Mr. Toad

Are the Narnia Chronicles Sexist (or Racist)?

This is based on an answer I posted on in 2020.

Let's try this by the numbers:

The Lion the Witch and the Wardrobe:
  lead protagonist: Lucy (female)
  lead antagonist: the White Witch (female)

Prince Caspian:
  lead protagonist: split between Caspian and Lucy (one each)
  lead antagonist: Miraz (male)

The Voyage of the Dawn Treader:
  lead protagonist: Lucy (female)
  lead antagonist: there isn't really any, but Eustace (male) is closest

The Silver Chair:
  lead protagonist: split between Eustace and Jill (one of each)
  lead antagonist: the Green Witch (female)

The Horse and His Boy:
  lead protagonist: split between Shasta and Aravis (one of each)
  lead antagonist Rabadash (male)

The Magician's Nephew:
  lead protagonist: Digory (male)
  lead antagonis: Jadis (female)

The Last Battle:
  lead protagonist: Tirian (male)
  lead antagonist: split between Shift and Rishda Tarkaan (both male)

5 female protagonists (counting Lucy twice), 5 male protagonists

3 female antagonists (counting Jadis/White Witch twice), 5 male antagonists

Now, you could change those numbers by promoting various supporting characters to co-protagonist or -antagonist, e.g. the other Pevensie children, or Jill, or Polly, but I don't think that would tilt the numbers a lot unless you tried.

It's true that the girls don't get as many action scenes as the boys, but the girls, especially Lucy, get the heavy theological scenes—attending Aslan's resurrection in Wardrobe, encountering him alone at the edge of the world at the start of Silver Chair—and they do get their licks in: Jill carries her action weight in Last Battle and out-performs Eustace in cunning in Silver Chair, Aravis has a great espionage sequence in Horse, and Lucy has the scene with the magic book in Voyage.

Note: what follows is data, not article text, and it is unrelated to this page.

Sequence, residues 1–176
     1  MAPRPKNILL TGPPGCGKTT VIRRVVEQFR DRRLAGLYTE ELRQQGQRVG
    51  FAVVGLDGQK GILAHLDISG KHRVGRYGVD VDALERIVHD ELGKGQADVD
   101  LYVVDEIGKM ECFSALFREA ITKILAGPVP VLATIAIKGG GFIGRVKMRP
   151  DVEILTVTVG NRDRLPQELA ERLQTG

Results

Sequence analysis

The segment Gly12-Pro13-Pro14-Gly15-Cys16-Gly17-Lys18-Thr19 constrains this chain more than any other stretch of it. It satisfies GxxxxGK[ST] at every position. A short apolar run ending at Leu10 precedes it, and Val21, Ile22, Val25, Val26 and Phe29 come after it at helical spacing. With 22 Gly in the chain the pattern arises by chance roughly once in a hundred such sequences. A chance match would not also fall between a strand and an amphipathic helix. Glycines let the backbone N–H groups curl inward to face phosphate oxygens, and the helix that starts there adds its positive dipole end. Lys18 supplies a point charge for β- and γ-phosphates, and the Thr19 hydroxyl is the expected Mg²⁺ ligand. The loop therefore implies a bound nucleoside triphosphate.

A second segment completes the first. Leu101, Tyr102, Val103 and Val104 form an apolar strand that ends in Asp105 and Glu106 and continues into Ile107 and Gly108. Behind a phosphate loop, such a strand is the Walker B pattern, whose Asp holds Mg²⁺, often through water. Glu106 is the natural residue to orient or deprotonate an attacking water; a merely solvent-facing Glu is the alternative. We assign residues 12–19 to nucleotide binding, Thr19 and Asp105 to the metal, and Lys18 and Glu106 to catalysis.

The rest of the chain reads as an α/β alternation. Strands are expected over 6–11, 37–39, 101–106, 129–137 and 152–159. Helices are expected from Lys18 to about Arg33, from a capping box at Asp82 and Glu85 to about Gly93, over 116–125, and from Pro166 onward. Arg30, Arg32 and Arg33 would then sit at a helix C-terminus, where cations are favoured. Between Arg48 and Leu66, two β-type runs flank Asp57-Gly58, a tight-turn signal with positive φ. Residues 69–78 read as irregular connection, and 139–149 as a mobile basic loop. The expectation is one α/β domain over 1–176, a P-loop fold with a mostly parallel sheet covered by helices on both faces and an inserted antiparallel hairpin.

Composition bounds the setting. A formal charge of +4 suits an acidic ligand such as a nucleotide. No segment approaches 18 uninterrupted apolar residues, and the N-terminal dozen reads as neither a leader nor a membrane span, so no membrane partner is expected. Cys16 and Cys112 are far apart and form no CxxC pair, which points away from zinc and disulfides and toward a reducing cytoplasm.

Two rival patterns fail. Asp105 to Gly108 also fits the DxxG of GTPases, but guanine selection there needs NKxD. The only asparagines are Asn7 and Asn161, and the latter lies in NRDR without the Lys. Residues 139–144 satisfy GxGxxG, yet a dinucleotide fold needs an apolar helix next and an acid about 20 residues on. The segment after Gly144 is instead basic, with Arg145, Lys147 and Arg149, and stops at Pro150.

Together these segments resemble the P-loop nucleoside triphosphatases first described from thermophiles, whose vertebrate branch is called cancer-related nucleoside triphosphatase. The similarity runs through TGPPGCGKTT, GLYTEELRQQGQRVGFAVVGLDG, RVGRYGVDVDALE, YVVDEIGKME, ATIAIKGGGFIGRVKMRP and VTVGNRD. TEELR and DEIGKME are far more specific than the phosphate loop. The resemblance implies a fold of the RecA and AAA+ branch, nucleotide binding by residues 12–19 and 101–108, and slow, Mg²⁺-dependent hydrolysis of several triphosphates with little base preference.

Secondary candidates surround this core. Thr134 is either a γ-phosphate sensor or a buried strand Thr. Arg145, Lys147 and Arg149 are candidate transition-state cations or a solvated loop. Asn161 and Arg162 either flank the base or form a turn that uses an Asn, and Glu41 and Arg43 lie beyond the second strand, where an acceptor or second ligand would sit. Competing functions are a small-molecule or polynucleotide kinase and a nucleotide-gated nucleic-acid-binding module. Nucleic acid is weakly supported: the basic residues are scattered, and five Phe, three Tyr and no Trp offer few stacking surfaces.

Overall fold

I think that's pretty good balance, considering I doubt Lewis was deliberately trying for any such thing, in an era when such a balance was not much of a consideration.

And if there is one mortal character that is the protagonist of the series, it's Lucy.

As to Lewis's other alleged crimes against social identity:

Anything other than cis het sex was criminal at the time the stories were written, and it had damned well better be married. Outside the books, Lewis's own expressed opinions on homosexuality, though they certainly would not pass muster with modern gay activists, were very mild for the time and place. He believed homosexual acts were wrong, but then he believed fornication was wrong, too. He knew being gay was not a choice, so simply being gay was no sin. He thought it should not be illegal, that this was just a fertile ground for blackmail.

Lewis's position on racism is shown by the way Narnia, when running properly, is always a nation of myriads of species. Yes, there are the Calormenes, who are, yikes, brown bad guys. But there are also the Telmarines, who are white bad guys. And the white and brown protagonists of Horse end up married.

Return to Introduction to Essays
Return to Wind Off the Hilltop

Copyright © Earl Wajenberg, 2023